JD
Saturday, November 15, 2003

Ok, I see what you mean by averaging out.  That can certainly account for some discrepencies.  What I meant by non-quantifiable though, is that how do you measure if group B (even if its the averge of 5 group Bs) is more productive.  Did they finish faster?  Is their code cleaner?  Is it more optimized?  By the same account, its difficult to get a couple groups wiht the same skill level.  People have all kinds of strengths and weaknesses.  I really think the only place this could be done, is perhaps in a university setting, where there are tons of students going through the same exercises.  There may be enough that the occasional experienced guy that can do it 100x faster then everyone esle may get averaged out.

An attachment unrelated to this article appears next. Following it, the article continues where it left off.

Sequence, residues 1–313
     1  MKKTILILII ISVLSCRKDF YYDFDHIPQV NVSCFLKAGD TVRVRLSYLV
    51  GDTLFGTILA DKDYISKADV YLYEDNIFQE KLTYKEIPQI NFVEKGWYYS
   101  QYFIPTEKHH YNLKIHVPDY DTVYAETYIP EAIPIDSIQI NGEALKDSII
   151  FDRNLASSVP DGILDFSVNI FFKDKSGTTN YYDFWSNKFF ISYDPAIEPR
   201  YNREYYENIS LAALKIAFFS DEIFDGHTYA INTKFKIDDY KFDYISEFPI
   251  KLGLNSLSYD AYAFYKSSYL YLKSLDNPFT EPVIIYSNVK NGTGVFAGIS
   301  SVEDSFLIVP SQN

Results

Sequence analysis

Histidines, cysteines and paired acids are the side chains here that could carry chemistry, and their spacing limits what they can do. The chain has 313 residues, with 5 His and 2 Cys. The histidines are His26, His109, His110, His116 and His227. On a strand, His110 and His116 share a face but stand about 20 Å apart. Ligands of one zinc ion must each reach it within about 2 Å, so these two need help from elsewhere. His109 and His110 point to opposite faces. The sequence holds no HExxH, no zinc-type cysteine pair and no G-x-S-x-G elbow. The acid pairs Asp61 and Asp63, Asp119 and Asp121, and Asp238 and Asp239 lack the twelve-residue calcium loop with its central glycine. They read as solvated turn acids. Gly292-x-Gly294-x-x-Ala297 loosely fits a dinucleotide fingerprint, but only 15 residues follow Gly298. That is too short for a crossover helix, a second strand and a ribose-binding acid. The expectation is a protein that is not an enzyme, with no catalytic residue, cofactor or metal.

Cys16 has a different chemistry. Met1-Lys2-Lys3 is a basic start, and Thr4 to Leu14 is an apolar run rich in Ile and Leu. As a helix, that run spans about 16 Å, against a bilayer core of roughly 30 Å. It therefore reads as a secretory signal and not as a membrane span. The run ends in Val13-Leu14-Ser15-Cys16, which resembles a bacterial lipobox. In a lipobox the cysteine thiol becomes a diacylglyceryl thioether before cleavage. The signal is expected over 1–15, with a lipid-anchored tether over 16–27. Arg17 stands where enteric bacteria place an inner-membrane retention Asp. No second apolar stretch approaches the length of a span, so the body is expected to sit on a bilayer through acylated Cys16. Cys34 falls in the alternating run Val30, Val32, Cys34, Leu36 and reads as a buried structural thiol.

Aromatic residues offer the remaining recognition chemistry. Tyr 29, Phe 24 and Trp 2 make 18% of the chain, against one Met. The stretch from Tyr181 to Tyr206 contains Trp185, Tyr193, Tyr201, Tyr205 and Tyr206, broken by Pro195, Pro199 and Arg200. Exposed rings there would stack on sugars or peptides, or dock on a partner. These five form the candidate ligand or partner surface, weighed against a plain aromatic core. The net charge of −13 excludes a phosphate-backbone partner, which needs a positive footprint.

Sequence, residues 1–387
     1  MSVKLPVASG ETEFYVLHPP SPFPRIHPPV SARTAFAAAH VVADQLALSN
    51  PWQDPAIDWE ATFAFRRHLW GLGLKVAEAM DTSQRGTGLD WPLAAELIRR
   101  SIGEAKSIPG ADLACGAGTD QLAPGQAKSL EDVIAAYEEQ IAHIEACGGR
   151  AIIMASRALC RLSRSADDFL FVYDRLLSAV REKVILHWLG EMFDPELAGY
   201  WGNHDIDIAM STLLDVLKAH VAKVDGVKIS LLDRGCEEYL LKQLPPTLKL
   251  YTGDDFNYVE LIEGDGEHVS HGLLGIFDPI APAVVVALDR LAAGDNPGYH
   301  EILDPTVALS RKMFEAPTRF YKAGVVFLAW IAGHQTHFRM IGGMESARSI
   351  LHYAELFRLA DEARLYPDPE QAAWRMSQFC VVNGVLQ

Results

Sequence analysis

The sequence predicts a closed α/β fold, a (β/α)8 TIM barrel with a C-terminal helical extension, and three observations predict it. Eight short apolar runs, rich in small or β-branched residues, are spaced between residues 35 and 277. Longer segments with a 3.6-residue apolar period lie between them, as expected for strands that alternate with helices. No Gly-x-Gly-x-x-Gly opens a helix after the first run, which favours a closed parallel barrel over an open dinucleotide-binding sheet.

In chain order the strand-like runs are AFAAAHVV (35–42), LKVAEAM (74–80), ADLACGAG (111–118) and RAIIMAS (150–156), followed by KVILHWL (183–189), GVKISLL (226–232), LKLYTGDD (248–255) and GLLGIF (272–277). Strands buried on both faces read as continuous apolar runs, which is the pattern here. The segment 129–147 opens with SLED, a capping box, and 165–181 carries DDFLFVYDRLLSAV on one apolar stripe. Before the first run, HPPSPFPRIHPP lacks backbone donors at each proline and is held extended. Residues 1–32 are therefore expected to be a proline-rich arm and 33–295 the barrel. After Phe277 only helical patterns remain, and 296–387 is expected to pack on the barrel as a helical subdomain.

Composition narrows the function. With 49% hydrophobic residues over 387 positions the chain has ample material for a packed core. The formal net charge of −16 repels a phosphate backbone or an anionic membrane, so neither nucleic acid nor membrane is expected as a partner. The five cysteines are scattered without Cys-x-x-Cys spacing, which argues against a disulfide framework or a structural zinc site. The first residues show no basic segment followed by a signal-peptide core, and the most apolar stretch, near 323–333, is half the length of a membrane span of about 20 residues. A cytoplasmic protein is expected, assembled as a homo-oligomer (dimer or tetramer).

Vince
Saturday, November 15, 2003

Wow JD - you *completely* missed the point.

Philo

Philo.
Saturday, November 15, 2003

it's just doesn't make sense at all.

yoyomama
Sunday, November 16, 2003

Another thing that hasn't been brought up.  Most software teams arn't large enough where the "average" developer matters.  It could be that my team works really well in one big room, even though 60% of software teams perform slightly better in offices.  I know guys who don't listen to music, others who blast techno, others who blast classical. 
My point is, unless your managing hundreds of programmers, its probably better to just give each individual programmer what he wants, within reason.  If a team of 5 guys wants to share an office, let them.  If Joe the loner wants a private office so he can blast AC/DC, let him.  I imagine you'd end up pissing more people off trying to implement some general "improveing productivity" order.

Vince
Sunday, November 16, 2003

*  Recent Topics

*  Fog Creek Home